The debate point may have gone to McSally, but how the issue may impact voters is less clear.

A CBS poll (conducted by YouGOV) showed Arizona voters were split on Kavanaugh, with 41 percent supporting and 39 percent opposing his confirmation. The same poll suggested that among likely Arizona voters who said they might still change their mind about whom to support, 30 percent said Kavanaugh’s confirmation would make them more likely to consider voting for a Democrat, while only 10 percent said the same for a Republican.

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Independents have enormous power to decide this race in Arizona.

And the dynamics of the race may soon become more familiar as generations that tended to identify with one of the major political parties are replaced by those who see themselves as independents.The Conversation

Gina Woodall, Senior Lecturer at the School of Politics and Global Studies, Arizona State University

This article is republished from The Conversation under a Creative Commons license. Read the original article.

Report typos and corrections to [email protected].
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CNN

Mitch McConnell busted on CNN as the ‘ringmaster’ leaving the door open for more Russian election interference

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On Tuesday, CNN's John Avlon broke down how Senate Majority Leader Mitch McConnell (R-KY) is every bit the obstacle to secure and safe elections as President Donald Trump is.

"There should be things that transcend petty politics, and towards the top of that list is stopping foreign powers from interfering in our elections," said Avlon, playing a clip of former special counsel Robert Mueller warning about the dangers. "Robert Mueller's warning is again, falling on willfully deaf ears. We know that foreign powers continue to try to meddle in our elections. Trump's FBI director and Director of National Intelligence have made this crystal clear."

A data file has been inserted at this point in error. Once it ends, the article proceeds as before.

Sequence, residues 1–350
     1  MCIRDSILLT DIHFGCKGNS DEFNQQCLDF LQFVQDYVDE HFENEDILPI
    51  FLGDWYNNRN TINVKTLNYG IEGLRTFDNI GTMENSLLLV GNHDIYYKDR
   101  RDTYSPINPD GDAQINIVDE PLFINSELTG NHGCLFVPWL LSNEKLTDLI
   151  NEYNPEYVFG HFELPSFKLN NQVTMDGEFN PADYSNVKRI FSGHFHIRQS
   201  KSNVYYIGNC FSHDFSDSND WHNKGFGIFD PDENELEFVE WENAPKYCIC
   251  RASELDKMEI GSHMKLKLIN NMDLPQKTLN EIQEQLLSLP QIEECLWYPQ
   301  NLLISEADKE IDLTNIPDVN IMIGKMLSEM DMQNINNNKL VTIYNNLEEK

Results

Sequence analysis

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2020 Election

Who’s leading the Wall Street primary? Looks like Biden, Harris and Buttigieg

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Having already determined that two of the top contenders for the Democratic presidential nomination — Sens. Elizabeth Warren and Bernie Sanders — are unacceptable and must be stopped at all costs, Wall Street financiers have reportedly begun to narrow down their list of 2020 favorites as candidates' fundraising efforts reach a "fevered peak" ahead of the June filing deadline.

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Facebook

‘Race Traitor’: Far-right UK student jailed for more than four years over Prince Harry online posts

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A far-right university student who called Prince Harry a race traitor and created an image of him with a pistol to his head was on Tuesday jailed in Britain for more than four years.

Michal Szewczuk, 19, posted the image, which also featured a blood-splattered swastika, on microblogging platform Gab in August last year, months after the prince married mixed-race actress Meghan Markle.

The post included the phrase "See Ya Later Race Traitor".

Szewczuk, who was jailed for four years and three months, pleaded guilty to two counts of encouraging terrorism and five counts of possession of terrorist material, including the White Resistance Manual and an Al-Qaeda manual.